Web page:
For sellers in the Toronto-area real estate market, setting a tantalizing asking price is a crucial piece of strategy.
Real estate agent Ira Jelinek of Harvey Kalles Real Estate Ltd. says a house near Winona Drive and Vaughan Road wasn’t even on his radar screen until the price was trimmed by $100,000.
The newly built house was first listed with an asking price of $1.99-million. When the price was reduced to $1.89-million, the listing showed up in an online search and Mr. Jelinek quickly booked a showing for his clients.
“We jumped right away.”
The couple, who had been searching for more than one year, negotiated a deal for $1.875-million.
“In that pocket, there’s been a little correction,” Mr. Jelinek says of the area north of St. Clair Avenue West in central Toronto.
For the clients, having some bargaining power spurred them to make a move.
“Anything with an eight in it is attractive compared with the psychological barrier of $2-million,” he says.
Mr. Jelinek says house and condo owners are continuing to list properties even in the holiday season.
While some might wait for the spring, Mr. Jelinek says sellers will list now if they have a change in their living circumstances. In some cases, people have bought another house or condo and they need to sell an existing one.
“Sometimes they don’t have a choice.”
In other cases, people don’t mind listing now because there are fewer competing properties for sale.
If there are no comparable properties on the market in a certain neighbourhood pocket or building, Mr. Jelinek says, the seller may have an advantage.
“If it’s a good time on a micro level – let alone a macro level – it makes sense,” he says.
Listings have been thin, which means buyers still often compete for a desirable property. Sales and prices have stabilized in some areas and risen in others.
Mr. Jelinek says homeowners who hang a “for sale” sign now may have the only listing in the immediate area.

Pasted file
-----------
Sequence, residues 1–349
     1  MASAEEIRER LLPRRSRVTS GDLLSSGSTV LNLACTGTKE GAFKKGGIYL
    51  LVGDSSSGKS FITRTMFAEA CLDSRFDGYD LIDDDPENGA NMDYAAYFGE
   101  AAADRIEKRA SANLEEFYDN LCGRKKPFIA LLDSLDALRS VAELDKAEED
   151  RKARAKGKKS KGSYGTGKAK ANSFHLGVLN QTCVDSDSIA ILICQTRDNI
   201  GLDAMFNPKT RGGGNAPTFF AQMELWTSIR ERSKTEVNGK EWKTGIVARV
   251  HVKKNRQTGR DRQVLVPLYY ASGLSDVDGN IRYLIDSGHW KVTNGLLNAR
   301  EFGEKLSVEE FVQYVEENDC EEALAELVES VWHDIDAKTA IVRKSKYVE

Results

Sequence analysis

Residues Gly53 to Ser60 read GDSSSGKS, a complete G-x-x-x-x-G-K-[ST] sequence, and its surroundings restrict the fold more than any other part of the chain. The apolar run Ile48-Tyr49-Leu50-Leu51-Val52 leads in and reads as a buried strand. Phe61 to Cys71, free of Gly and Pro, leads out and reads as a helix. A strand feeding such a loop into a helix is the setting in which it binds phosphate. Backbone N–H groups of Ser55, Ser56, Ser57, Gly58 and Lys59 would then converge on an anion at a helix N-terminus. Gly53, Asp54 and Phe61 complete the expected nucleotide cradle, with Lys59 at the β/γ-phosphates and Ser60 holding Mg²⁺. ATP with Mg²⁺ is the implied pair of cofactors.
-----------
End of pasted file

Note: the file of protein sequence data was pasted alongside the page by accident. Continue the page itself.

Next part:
He points to the example of a one-bedroom-plus-den condo in a building where there hasn’t been a sale in two months.
“I’d say give it a shot because, come January, you could have more competition.”
Meanwhile, buyer traffic is steady. Mr. Jelinek has a 1,060-square-foot condo unit for sale at 18 Merton St. in midtown Toronto. In the first two weeks, about 45 parties made appointments to see the two-bedroom penthouse with an asking price of $935,000.
Looking ahead to 2019, Mr. Jelinek expects the market to continue at a steady pace. Most potential buyers are aware of interest rate movements and they will be keeping an eye on the Bank of Canada’s policy-setting meeting in January, he says.
House hunters also monitor losses in the stock market and economic jolts such as the closing of the General Motors Co. plant in Oshawa, Ont., that will likely see 2,500 workers lose their jobs, he says.
A rate hike may create a little more hesitancy in buyers and sellers, he says, but he expects the Toronto-area market to remain balanced.
“There are reasons to buy and reasons not to buy – and that’s what makes a healthy market,” he says.
At Capital Economics, senior Canada economist Stephen Brown believes the Bank of Canada could make a serious policy mistake if it raises interest rates too drastically.
Mr. Brown says third-quarter data show that consumer spending growth slowed. In additional bad news for the household sector, the household saving rate since 2016 was revised lower.
Mr. Brown cautions that households as a whole are taking on debt faster than they are paying it off. While that trend has been sustained for 16 years, Mr. Brown cautions that it can’t last forever.
If the Bank of Canada continues to raise rates, households might struggle to cover their interest payments, he warns.
Mr. Brown thinks this will be a worry for central bank officials. As a result, he believes that interest rates will peak at a lower level than markets expect and the Bank of Canada will be forced to reverse course next year.
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